No regulations require that banks let homeowners know when they change their minds about a foreclosure. So they rarely do, according to housing court judges, homeowners' lawyers and academics who study foreclosure problems. "The banks do not answer inquiries, they do not answer phone calls, they do not answer letters," says Judge Patrick Carney of the Buffalo, New York, Housing Court. His zombie-title caseload has swollen in the past few years to well into the hundreds. "The whole situation is surreal," he says.
Marlon Sheafe, a 55-year-old who drove trucks for Sara Lee Corp for 25 years, was sentenced to probation in May. The citation from the Cleveland Housing Court says that if he doesn't fix the problems with the investment property he bought in 2005, the grandfather of three, who suffers from advanced cancer, will go to jail in May 2014.
Ocwen Financial Corp, the servicer of Sheafe's mortgage, foreclosed on the house in 2008, when Sheafe was hospitalized with congestive heart failure and later lost his job, forcing him into default. That was the last he heard about the house until a year and a half ago, when he received a summons to appear in Cleveland Housing Court for code infractions on the property: cracked steps, shredded siding, weeds as tall as the doors. There was also a $300 lawn-mowing bill.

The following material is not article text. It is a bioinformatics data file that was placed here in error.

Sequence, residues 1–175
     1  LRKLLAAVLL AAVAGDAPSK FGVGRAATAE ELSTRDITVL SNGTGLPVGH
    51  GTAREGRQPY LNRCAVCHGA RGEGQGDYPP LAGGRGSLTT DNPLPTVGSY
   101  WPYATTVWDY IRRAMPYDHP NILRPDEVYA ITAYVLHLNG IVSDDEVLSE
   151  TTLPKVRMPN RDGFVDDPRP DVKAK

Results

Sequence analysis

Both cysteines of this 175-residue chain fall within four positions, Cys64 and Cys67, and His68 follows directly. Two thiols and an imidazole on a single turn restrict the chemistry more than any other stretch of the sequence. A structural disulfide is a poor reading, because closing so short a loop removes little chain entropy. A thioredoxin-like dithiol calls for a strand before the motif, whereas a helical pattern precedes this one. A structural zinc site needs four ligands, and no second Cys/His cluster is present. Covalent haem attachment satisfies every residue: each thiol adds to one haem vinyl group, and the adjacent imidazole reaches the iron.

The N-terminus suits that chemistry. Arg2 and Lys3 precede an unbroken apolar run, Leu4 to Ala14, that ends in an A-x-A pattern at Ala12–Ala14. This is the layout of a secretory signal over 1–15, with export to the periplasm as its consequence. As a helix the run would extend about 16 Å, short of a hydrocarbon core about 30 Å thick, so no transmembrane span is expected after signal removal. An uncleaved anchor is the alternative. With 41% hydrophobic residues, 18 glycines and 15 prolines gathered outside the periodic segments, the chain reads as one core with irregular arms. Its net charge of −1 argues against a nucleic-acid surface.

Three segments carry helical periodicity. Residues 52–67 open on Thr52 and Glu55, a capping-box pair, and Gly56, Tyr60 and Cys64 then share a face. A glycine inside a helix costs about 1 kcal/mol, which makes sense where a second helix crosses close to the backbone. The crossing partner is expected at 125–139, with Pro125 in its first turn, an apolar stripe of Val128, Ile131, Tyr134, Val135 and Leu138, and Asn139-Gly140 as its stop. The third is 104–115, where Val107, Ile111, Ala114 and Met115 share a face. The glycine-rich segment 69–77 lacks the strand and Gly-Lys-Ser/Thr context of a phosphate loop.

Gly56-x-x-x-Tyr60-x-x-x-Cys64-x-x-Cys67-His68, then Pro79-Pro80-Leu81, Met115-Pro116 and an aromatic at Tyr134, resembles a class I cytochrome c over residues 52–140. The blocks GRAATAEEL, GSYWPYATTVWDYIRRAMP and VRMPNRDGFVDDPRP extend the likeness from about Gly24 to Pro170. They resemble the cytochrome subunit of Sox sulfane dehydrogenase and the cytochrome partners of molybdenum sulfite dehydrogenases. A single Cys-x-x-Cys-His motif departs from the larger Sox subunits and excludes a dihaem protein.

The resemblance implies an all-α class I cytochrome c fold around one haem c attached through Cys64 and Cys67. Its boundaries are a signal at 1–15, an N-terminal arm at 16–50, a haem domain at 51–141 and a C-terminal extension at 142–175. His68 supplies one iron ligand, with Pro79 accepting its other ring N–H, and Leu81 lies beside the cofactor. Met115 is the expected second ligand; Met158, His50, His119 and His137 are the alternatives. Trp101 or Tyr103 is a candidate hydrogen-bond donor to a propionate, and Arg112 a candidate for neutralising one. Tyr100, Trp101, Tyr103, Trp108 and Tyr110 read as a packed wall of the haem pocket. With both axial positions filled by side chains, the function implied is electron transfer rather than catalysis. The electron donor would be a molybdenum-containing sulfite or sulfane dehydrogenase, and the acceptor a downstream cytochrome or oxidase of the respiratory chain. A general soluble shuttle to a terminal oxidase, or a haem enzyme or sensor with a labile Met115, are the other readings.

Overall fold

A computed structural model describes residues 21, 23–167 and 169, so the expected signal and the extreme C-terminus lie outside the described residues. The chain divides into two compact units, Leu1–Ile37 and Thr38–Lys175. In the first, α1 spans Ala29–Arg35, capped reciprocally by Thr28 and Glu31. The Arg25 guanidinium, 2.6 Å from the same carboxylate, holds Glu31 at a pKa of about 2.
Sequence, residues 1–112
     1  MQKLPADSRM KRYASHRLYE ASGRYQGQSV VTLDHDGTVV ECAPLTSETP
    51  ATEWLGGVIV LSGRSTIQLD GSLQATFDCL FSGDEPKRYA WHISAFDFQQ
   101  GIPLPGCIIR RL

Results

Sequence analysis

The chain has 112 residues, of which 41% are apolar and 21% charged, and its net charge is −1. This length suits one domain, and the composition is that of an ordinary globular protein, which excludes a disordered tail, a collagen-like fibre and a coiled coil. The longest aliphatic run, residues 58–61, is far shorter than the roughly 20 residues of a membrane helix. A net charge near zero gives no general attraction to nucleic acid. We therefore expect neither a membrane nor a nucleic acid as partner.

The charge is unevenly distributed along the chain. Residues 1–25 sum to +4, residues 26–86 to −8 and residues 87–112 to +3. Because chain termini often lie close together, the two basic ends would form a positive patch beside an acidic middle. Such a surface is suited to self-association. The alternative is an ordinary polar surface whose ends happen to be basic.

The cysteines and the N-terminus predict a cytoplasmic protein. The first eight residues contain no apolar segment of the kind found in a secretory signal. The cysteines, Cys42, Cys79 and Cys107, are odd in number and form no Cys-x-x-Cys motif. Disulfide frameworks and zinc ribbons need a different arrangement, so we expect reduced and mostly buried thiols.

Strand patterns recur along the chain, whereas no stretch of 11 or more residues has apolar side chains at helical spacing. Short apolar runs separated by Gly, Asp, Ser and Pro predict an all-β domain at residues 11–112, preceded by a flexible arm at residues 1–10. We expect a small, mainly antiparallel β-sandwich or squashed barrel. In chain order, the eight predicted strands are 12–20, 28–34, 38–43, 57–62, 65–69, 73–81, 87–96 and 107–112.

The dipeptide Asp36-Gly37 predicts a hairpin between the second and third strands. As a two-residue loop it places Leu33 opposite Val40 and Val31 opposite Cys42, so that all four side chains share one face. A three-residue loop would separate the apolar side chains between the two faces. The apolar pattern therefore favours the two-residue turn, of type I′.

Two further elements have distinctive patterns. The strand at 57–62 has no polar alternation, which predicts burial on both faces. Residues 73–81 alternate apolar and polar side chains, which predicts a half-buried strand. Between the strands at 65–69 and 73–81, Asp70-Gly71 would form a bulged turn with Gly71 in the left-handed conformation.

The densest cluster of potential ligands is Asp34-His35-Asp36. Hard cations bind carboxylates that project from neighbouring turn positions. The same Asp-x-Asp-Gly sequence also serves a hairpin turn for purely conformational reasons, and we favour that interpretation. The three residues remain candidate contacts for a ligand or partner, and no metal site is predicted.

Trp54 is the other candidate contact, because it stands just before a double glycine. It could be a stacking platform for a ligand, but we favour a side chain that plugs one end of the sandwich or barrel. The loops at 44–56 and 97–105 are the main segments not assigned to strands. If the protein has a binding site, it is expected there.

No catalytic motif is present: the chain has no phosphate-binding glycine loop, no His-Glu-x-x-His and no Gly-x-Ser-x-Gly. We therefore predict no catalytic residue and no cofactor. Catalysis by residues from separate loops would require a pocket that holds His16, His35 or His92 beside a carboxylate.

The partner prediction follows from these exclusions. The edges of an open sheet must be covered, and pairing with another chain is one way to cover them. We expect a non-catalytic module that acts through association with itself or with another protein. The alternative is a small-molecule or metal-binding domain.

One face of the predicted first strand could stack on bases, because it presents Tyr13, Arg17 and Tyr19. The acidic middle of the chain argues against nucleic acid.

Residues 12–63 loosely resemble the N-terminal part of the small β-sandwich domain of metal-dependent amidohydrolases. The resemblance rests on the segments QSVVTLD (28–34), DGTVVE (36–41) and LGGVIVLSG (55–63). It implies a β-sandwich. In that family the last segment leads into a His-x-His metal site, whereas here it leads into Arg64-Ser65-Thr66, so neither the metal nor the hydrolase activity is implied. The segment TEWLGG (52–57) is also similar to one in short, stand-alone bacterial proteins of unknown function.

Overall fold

A few weeks later, Sheafe appeared at the drab, brown-paneled chambers of the Cleveland Housing Court, packed, as it is every Tuesday and Thursday lately, with other people in his situation. Sheafe expected his appearance that day would clear up what he thought was a big mistake. Instead he left with the order to get the house up to code.